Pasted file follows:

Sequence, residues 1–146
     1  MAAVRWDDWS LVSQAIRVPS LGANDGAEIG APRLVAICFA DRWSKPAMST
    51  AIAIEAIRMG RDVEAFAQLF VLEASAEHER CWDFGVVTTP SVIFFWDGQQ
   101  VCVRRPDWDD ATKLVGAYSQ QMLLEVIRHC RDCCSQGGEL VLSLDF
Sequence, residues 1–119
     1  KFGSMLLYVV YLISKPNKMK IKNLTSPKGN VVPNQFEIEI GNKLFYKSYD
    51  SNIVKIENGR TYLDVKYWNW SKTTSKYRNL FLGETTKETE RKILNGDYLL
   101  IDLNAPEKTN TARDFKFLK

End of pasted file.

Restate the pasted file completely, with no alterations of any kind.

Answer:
Sequence, residues 1–146
     1  MAAVRWDDWS LVSQAIRVPS LGANDGAEIG APRLVAICFA DRWSKPAMST
    51  AIAIEAIRMG RDVEAFAQLF VLEASAEHER CWDFGVVTTP SVIFFWDGQQ
   101  VCVRRPDWDD ATKLVGAYSQ QMLLEVIRHC RDCCSQGGEL VLSLDF
Sequence, residues 1–119
     1  KFGSMLLYVV YLISKPNKMK IKNLTSPKGN VVPNQFEIEI GNKLFYKSYD
    51  SNIVKIENGR TYLDVKYWNW SKTTSKYRNL FLGETTKETE RKILNGDYLL
   101  IDLNAPEKTN TARDFKFLK